18 September 2012by Hale Yavuz, JTW
Human Rights Watch has released another report titled “When Will I get my Dues? Before I Die?” The report addresses the problems of marriage, separation and divorce of women in Bangladesh. Unfair legal applications, unregistered crimes against women, so-called religion based laws treating women as “second class citizens,” and the difficulties they go through in their lives are some of the subjects mentioned in the report based on research and interviews with Bangladeshi women belonging to all religions.
Women’s rights are one of most the controversial issues of human history. Although civilization and modernization is said to bring “equal and fair” rights to men and women, the reality is different than what is on paper. Even in “first world” countries, women face gender discrimination and have to back down. However in countries like Bangladesh, the violation of women rights is an undeniable, overt issue.
The new report is based on interviews with 255 people in 2011, including 120 women who have experienced the shortcomings of Bangladesh’s personal laws, as well as lawyers, experts, government officials and former judges.
HRW’s report deals with the problem regarding their legal rights in divorce or separation cases, polygamy, state assistance to divorced and separated women, measures against domestic violence, women’s economic status and implications of marriage. Many of these problems are within personal law arrangements which are not current and vary with regard to arbitrary interpretations of religions, and moreover some were codified a century ago. Therefore it is not surprising to see male-dominated, unfair laws trapping women in abusive marriages, poverty, homelessness, and hunger. There are also civil laws that apply to all religious communities in the context of marriage or divorce but are rarely used.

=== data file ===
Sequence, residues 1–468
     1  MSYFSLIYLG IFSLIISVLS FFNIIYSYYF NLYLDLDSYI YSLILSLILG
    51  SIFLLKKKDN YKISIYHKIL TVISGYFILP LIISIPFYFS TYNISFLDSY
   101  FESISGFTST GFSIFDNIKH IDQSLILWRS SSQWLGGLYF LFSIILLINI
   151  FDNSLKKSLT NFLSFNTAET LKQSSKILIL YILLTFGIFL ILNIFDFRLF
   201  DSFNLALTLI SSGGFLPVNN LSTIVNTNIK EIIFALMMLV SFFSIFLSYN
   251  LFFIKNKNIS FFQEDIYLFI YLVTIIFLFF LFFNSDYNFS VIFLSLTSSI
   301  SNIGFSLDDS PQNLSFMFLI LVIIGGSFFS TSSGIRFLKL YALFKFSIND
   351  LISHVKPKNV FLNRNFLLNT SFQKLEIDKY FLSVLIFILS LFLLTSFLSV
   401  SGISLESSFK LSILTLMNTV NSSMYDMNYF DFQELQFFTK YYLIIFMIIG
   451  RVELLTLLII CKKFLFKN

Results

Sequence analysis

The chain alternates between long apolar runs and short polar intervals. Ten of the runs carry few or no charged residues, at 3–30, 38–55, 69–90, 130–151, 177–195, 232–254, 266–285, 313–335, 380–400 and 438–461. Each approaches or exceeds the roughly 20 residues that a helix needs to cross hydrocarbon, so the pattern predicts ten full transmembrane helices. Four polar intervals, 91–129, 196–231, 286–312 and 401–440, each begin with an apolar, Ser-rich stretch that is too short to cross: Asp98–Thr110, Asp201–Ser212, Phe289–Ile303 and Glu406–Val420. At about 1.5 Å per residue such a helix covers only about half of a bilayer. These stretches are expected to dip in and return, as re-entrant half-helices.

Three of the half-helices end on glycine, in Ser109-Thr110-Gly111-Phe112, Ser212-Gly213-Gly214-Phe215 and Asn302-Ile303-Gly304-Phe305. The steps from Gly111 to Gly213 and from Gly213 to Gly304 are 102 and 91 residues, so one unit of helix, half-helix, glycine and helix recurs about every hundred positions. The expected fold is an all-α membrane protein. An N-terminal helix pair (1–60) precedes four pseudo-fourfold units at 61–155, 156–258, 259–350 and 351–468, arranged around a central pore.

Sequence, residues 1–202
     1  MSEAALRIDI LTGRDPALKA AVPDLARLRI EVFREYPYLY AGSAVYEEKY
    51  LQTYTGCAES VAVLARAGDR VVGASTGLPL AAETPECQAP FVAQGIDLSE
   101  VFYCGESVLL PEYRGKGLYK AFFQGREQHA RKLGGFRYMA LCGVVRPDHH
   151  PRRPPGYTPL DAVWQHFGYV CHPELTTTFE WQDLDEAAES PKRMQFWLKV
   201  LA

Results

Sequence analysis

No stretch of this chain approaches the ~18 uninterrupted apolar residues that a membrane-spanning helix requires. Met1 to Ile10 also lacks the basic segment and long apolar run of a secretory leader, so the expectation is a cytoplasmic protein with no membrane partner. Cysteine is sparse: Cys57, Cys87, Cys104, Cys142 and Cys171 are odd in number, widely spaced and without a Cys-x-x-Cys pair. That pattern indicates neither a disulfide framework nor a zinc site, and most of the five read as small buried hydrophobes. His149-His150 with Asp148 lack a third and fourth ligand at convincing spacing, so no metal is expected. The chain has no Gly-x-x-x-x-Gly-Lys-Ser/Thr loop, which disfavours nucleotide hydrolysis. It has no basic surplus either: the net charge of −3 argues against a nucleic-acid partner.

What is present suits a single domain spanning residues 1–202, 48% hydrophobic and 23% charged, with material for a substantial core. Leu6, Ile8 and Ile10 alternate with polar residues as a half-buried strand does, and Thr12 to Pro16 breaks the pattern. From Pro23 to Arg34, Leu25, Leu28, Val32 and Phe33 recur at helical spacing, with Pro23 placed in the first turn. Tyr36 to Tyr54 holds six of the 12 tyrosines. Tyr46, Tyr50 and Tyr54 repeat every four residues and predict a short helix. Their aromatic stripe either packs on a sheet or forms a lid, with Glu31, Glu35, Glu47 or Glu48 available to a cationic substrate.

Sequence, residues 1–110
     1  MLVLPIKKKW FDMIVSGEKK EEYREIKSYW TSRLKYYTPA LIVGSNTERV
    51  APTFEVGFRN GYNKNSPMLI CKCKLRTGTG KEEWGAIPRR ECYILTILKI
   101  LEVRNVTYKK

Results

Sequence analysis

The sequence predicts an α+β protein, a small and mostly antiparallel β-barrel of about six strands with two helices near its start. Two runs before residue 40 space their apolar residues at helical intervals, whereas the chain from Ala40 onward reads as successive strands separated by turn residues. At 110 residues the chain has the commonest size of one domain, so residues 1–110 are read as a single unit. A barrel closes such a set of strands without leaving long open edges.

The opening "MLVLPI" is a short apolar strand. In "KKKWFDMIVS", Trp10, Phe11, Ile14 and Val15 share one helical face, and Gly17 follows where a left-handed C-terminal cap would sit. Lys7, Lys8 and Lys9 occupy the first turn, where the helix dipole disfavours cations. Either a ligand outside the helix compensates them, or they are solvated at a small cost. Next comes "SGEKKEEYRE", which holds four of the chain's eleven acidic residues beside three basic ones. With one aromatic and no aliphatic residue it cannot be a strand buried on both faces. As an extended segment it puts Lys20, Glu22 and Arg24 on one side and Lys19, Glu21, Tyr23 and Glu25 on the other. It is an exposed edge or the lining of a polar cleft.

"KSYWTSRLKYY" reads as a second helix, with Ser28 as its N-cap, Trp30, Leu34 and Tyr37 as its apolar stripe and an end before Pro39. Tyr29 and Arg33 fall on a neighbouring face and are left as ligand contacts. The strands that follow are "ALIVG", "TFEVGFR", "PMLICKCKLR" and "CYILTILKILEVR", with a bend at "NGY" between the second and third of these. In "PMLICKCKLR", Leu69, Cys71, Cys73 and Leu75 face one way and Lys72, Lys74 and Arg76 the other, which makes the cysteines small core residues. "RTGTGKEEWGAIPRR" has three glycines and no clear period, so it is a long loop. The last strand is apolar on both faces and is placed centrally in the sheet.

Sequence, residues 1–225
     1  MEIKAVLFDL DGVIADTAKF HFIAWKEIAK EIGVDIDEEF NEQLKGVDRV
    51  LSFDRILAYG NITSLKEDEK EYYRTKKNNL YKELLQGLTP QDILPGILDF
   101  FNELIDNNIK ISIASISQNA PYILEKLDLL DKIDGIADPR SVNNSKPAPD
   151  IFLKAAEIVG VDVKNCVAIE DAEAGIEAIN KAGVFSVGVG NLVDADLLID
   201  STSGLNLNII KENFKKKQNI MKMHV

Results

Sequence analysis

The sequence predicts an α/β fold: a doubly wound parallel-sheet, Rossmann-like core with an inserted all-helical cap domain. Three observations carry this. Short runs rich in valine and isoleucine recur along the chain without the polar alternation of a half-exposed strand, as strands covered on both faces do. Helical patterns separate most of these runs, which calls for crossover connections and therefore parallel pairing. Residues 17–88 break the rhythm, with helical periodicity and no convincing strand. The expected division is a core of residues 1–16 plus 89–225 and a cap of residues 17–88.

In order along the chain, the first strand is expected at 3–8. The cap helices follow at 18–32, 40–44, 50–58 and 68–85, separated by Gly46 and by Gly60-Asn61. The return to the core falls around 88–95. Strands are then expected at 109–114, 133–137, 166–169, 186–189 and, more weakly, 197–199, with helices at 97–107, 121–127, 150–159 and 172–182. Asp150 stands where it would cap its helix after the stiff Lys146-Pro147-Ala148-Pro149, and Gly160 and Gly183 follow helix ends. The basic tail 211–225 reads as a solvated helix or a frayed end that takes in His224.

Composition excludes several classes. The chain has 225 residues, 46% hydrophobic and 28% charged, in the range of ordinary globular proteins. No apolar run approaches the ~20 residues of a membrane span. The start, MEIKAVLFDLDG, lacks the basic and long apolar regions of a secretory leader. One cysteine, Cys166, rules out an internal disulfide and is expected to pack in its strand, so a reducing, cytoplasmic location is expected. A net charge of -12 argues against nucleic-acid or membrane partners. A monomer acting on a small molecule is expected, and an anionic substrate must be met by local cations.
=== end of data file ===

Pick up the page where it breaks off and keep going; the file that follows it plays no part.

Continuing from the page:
According to the data of the report, over 55 percent of women and girls over ten years old are married. For many, marriage means economic security. They make contributions in many forms to family homes, businesses, and fields. None of them are paid for their care and labor; on the contrary, husbands buy property, further their education, and establish businesses with their wives’ efforts. It is not just their husbands imposing on them but their in-laws too.
There are some changes in law arrangements since 2010, when a law against domestic violence was introduced. It was followed by a nationwide research for Muslim, Hindu and Christian personal laws, made by the Law Commission of Bangladesh supported by the Ministry of Law, Justice and Parliamentary Affairs. In spite of the resistance of religious leaders who argue that “religious” teachings offer no scope for reform, there are ongoing preparations to alter the situation but it is obvious from the report that it will take a lot of time, energy and determination to break the chains.
As in all other reports, HRW ends the report with recommendations. Getting all couples married under the Special Marriage Act regardless of their religion to make marriage registration compulsory and prevent men remarrying, raising awareness about polygamy, recognizing the efforts shown by women, and giving equal rights under protection by laws applied in all regions and to everyone are among the basic steps to be taken according to HRW’s report.